A Valuable Lesson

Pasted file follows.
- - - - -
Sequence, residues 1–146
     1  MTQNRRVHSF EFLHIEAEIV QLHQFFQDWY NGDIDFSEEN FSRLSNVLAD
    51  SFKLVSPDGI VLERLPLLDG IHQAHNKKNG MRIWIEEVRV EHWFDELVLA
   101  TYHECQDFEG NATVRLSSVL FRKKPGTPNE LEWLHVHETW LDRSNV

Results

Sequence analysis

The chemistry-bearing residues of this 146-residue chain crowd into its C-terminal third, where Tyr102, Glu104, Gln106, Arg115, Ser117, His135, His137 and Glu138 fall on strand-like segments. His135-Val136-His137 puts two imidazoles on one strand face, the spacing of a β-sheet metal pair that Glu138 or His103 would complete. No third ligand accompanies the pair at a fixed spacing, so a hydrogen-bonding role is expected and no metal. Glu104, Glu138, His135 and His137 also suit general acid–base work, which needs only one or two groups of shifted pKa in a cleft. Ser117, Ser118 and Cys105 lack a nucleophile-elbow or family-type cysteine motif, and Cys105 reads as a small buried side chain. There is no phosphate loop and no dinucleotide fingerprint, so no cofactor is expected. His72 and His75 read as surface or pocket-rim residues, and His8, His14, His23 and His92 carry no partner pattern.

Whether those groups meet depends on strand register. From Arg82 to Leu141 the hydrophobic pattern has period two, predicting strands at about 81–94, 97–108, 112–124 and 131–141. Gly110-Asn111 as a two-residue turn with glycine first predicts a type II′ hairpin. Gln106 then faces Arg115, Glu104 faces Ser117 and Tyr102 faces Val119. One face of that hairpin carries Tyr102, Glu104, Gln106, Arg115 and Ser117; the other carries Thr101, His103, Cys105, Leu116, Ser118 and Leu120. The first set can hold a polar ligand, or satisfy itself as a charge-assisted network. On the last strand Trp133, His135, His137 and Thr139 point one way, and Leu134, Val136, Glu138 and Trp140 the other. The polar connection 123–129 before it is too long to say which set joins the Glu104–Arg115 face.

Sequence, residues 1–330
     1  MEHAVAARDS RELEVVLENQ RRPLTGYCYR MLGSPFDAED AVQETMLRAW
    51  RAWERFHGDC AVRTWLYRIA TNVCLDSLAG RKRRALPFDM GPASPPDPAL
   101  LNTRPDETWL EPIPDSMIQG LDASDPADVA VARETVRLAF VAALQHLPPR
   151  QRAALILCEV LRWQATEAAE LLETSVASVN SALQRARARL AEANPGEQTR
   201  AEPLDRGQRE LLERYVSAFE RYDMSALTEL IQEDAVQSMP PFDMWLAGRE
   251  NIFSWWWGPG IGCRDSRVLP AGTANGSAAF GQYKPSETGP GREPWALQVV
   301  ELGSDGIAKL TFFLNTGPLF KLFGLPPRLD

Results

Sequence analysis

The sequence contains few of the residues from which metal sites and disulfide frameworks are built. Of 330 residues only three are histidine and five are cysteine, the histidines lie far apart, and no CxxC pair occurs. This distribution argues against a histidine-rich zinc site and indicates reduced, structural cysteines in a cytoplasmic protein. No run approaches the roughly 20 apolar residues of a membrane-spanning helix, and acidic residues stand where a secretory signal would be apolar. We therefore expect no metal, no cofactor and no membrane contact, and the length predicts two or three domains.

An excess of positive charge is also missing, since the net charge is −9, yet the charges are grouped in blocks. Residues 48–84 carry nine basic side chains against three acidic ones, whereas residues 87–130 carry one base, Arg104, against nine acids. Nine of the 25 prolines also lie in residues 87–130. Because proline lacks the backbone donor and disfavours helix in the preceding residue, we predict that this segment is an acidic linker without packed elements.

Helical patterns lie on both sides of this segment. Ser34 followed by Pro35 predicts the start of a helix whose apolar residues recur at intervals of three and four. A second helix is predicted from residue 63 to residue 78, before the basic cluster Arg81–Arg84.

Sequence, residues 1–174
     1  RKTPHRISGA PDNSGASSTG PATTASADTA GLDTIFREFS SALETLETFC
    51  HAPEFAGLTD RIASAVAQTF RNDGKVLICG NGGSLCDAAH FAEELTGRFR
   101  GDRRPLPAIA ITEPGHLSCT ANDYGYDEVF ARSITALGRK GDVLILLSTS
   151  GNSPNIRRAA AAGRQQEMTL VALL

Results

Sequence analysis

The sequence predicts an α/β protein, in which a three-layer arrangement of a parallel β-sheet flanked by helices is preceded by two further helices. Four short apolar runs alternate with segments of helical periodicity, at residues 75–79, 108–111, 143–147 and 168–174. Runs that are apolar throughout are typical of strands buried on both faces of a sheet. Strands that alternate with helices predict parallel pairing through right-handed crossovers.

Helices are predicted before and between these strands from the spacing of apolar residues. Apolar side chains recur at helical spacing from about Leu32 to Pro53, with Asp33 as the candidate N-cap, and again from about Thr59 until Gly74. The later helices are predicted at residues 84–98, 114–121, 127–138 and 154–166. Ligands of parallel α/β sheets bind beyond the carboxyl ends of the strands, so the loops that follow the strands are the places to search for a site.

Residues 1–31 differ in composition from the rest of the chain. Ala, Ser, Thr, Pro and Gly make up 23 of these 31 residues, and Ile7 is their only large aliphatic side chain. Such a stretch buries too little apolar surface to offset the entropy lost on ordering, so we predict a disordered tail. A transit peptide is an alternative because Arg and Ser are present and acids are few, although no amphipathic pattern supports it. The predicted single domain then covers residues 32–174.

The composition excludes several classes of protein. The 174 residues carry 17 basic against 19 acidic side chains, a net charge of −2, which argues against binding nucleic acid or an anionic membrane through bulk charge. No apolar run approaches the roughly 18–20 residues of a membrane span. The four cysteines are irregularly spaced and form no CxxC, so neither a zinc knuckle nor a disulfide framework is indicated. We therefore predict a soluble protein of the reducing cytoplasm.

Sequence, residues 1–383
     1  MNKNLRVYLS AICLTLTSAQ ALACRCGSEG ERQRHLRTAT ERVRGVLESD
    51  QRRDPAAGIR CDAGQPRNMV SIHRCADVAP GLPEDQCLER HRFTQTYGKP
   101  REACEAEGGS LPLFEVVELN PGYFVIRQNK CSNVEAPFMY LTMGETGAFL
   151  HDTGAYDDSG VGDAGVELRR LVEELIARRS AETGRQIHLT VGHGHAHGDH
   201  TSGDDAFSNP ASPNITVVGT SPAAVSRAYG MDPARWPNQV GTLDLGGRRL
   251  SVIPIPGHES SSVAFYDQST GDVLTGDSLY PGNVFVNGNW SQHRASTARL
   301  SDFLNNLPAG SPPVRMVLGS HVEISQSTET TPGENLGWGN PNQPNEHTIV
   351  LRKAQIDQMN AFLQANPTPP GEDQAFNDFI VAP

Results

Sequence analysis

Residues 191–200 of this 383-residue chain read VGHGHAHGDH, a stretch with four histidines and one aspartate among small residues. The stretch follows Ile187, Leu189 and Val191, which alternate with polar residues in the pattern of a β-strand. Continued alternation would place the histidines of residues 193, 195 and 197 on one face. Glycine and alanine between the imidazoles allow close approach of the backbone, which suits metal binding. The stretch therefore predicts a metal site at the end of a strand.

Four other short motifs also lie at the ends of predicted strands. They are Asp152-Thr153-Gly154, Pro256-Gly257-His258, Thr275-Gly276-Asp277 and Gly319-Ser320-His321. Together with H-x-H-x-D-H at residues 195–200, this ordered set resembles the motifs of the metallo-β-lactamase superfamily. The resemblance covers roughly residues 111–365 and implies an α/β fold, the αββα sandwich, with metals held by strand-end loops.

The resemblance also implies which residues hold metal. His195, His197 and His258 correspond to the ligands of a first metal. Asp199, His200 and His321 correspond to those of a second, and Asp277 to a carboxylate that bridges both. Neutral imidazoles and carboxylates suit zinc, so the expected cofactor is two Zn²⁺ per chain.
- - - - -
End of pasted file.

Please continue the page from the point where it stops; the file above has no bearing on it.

It reminded me of a visit we had to Salt Lake a few years ago. John was just under a year old at the time and he had just become proficient at walking. With his new independence, he seemed to get into everything. During our trip, we were staying with some friends and I was nervous about him making a mess of their house. As grandparents often do, they had a plethora of toys to keep John entertained. Sensing my nervousness, I remember Sister McDonough repeatedly saying, “Nothing is sacred. He can play with whatever he would like.” It caught me a bit off-guard because their home felt like a sacred space. However, if you split the word to “no thing”, it makes sense. It is not the things in their home, or any home for that matter, that make it sacred. Of course, some decor can invite the spirit and other decor can chase it away but, more so, it is the feelings and love shared within a family that create that spirit. In the talk, For Peace at Home, Elder Richard G. Scott discusses how it is our habits, decisions and our focus that help us to keep our homes a sacred space. He says, “Be certain that every decision you make, whether temporal or spiritual, is conditioned on what the Savior would have you do. When He is the center of your home, there is peace and serenity. There is a spirit of assurance that pervades the home, and it is felt by all who dwell there.” As we focus on the feelings in our home, we are able to make it a sacred space. The words we use, the reverence we bring, the prayers we say, can all invite the Spirit into our homes more abundantly than any thing.